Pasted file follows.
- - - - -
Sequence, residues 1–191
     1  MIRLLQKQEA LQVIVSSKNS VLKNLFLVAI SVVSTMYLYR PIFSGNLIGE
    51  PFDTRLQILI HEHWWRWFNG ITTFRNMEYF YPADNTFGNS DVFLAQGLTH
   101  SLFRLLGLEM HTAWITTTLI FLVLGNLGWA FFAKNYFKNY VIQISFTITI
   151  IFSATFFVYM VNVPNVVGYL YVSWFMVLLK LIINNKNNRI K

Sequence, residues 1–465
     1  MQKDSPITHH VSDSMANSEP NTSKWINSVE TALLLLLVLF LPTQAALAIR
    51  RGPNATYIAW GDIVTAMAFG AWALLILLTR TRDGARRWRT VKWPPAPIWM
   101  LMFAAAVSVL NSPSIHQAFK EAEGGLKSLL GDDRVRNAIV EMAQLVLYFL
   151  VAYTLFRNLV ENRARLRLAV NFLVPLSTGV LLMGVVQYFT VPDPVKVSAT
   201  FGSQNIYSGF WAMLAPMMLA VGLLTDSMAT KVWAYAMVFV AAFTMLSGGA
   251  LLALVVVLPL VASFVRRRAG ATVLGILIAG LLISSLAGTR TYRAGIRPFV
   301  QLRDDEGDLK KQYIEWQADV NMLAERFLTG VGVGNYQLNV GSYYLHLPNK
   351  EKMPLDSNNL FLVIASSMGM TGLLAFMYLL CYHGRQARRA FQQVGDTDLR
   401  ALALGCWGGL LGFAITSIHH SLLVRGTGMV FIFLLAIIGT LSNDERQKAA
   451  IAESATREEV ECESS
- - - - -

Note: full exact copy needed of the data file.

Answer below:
Sequence, residues 1–191
     1  MIRLLQKQEA LQVIVSSKNS VLKNLFLVAI SVVSTMYLYR PIFSGNLIGE
    51  PFDTRLQILI HEHWWRWFNG ITTFRNMEYF YPADNTFGNS DVFLAQGLTH
   101  SLFRLLGLEM HTAWITTTLI FLVLGNLGWA FFAKNYFKNY VIQISFTITI
   151  IFSATFFVYM VNVPNVVGYL YVSWFMVLLK LIINNKNNRI K

Sequence, residues 1–465
     1  MQKDSPITHH VSDSMANSEP NTSKWINSVE TALLLLLVLF LPTQAALAIR
    51  RGPNATYIAW GDIVTAMAFG AWALLILLTR TRDGARRWRT VKWPPAPIWM
   101  LMFAAAVSVL NSPSIHQAFK EAEGGLKSLL GDDRVRNAIV EMAQLVLYFL
   151  VAYTLFRNLV ENRARLRLAV NFLVPLSTGV LLMGVVQYFT VPDPVKVSAT
   201  FGSQNIYSGF WAMLAPMMLA VGLLTDSMAT KVWAYAMVFV AAFTMLSGGA
   251  LLALVVVLPL VASFVRRRAG ATVLGILIAG LLISSLAGTR TYRAGIRPFV
   301  QLRDDEGDLK KQYIEWQADV NMLAERFLTG VGVGNYQLNV GSYYLHLPNK
   351  EKMPLDSNNL FLVIASSMGM TGLLAFMYLL CYHGRQARRA FQQVGDTDLR
   401  ALALGCWGGL LGFAITSIHH SLLVRGTGMV FIFLLAIIGT LSNDERQKAA
   451  IAESATREEV ECESS